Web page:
Shoyu ramen soup is a clear, brown broth flavored with soy sauce (shoyu). The soup is usually made of chicken broth but often contains other meats such as pork, beef or fish depending on the region. Shoyu ramen is the most common type of ramen and is usually what is served when the menu does not specify a specific type of soup.
Shio (塩, Salt)
Shio ramen soup is a light, clear broth seasoned with salt. It is typically made from chicken broth, but may also be flavored with other meats such as pork.
Miso (味噌, Soybean Paste)
Miso ramen soup is flavored with soybean paste (miso), resulting in a thick, brown soup with a rich, complex flavor. The style originated in Hokkaido where the long cold winters spurred the need for a heartier type of ramen soup, but it has spread to the point where it can be found pretty much anywhere in Japan.

  (Ramen info courtesy of

Holly Dayz: Did you have the opportunity to experience the different vending machines they have in Japan?
Monica: I didn’t. Although we drove by a lot of those “vending machine-like” parking lots.
Holly Dayz: What tourist spots did you visit?
Monica: I had to go shopping in Harajuku! I shopped the streets as well as the 7 floored mall. The fashion in Japan is insane and that area was a huge tourist magnet.
Harajuku (原宿) refers to the area around Tokyo‘s Harajuku Station, which is between Shinjuku and Shibuya on the Yamanote Line. It is the center of Japan’s most extreme teenage cultures and fashion styles, but also offers shopping for adults and some historic sites. Harajuku is not only about teenage culture and shopping. Meiji Jingu, one of Tokyo’s major shrines, is located just west of the railway tracks in a large green oasis shared with the spacious Yoyogi Park.
Holly Dayz: What was the coolest thing you bought in Harajuku?
Monica: I bought this really cool cow neck hoodie. Definitely a unique piece. I wanted to buy something I knew no one would have back in the states. The sad thing is that I didnt get to try it on. Some stores don’t allow you to. So when I finally did try it on back in the hotel room, I realized it was too big! I had to give it away as a gift.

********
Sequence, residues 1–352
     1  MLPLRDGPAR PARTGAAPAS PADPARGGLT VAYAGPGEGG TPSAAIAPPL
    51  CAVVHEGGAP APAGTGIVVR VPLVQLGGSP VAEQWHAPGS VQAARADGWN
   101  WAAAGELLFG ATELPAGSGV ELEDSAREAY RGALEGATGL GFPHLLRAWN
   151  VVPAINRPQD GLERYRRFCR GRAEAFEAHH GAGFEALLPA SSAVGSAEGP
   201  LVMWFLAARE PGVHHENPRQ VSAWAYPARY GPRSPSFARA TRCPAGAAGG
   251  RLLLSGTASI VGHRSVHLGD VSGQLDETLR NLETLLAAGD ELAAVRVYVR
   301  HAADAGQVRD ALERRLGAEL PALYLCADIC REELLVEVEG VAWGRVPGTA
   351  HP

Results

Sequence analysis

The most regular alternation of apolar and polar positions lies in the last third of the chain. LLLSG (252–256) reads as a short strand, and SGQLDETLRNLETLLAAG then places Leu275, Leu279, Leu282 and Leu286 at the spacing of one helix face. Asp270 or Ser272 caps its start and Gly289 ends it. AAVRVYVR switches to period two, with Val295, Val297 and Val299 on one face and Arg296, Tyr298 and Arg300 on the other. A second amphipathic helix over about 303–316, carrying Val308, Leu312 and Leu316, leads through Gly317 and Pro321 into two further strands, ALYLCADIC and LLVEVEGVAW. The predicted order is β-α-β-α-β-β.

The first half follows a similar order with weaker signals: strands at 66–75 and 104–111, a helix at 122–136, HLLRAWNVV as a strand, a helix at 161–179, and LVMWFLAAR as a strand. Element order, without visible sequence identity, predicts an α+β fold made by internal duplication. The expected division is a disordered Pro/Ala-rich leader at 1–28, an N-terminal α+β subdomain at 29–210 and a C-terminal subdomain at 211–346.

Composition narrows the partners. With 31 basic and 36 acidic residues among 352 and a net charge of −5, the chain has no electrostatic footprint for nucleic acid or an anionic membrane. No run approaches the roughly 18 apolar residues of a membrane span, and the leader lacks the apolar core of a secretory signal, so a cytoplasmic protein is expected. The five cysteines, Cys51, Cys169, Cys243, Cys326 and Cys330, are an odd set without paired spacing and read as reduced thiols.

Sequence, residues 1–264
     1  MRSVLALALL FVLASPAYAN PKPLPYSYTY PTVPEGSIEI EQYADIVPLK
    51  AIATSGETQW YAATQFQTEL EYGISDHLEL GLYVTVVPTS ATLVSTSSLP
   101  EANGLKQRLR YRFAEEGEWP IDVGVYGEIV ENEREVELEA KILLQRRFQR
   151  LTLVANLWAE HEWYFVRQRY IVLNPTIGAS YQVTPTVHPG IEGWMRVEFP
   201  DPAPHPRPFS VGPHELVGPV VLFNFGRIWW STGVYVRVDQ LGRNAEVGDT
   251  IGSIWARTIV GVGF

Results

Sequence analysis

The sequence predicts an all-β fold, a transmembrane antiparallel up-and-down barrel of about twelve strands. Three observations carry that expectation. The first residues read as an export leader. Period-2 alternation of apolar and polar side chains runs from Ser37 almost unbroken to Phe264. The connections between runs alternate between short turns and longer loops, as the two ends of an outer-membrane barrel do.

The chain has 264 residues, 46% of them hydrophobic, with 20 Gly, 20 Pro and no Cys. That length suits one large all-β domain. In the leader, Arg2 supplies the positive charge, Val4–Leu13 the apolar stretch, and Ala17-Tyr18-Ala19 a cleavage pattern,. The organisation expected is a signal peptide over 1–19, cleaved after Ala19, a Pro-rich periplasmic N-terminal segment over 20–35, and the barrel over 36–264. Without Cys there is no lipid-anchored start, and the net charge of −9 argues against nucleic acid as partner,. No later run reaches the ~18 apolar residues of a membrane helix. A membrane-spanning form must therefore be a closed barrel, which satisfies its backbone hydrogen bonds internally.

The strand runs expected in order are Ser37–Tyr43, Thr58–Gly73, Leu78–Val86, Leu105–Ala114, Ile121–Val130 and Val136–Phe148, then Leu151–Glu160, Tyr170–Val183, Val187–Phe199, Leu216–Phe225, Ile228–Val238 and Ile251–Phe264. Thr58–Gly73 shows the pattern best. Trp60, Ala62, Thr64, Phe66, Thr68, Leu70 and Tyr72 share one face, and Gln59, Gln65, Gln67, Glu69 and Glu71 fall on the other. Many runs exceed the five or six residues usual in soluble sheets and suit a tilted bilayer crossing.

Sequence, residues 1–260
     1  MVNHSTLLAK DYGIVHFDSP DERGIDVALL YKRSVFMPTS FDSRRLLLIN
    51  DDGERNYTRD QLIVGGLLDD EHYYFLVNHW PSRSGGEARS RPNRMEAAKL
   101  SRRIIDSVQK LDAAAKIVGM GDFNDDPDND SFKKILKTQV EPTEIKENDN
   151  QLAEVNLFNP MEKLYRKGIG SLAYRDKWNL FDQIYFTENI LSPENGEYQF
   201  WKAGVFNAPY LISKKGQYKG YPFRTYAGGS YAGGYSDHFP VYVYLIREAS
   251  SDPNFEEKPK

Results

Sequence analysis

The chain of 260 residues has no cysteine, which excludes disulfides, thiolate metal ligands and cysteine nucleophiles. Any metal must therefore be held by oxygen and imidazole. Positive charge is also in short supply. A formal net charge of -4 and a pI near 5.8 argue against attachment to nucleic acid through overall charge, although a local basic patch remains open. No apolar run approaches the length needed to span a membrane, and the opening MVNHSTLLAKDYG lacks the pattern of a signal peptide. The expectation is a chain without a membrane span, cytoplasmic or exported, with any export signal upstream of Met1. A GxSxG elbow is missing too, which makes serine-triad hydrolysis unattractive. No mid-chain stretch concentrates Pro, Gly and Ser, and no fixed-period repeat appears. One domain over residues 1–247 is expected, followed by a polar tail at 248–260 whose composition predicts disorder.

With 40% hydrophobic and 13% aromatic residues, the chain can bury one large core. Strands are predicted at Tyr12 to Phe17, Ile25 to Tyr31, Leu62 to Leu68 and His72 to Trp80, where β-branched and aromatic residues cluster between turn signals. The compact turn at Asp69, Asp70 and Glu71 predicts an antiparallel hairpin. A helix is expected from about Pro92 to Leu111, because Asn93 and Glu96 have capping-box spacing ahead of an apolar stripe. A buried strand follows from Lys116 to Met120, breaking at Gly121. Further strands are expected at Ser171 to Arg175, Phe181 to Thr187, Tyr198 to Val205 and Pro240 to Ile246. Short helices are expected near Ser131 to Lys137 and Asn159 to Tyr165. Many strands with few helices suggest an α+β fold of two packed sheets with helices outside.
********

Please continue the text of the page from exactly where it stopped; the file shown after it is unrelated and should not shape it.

Holly Dayz: Did you go anywhere off the beaten path?
Monica: No. We pretty much stayed on schedule and traveled in a group. We did explore the hotel and got in trouble for walking around in shorts and bikini tops on our way to the pool. They’re very conservative in Japan, apparently. Oops!
Holly Dayz: What time of year did you go and what was the weather like?
Monica: It was summer! The weather was humid and warm. Very much like Florida, actually.
Holly Dayz: Did you pick up any Japanese while there?
Monica: Yes I did! I learned “excuse me”, so I could bob and weave through the crowds, and I learned “yes”, “no” and “thank you very much”.
Holly Dayz: I know you are trained in many styles of dance, did you learn any different styles while in Japan?
Monica: I didn’t. Not unless jumping up and down, laughing and holding hands with Japanese girls in a club is a new style of dance. I did learn that!
Keep a lookout for Monica Ramirez, as her career is soaring!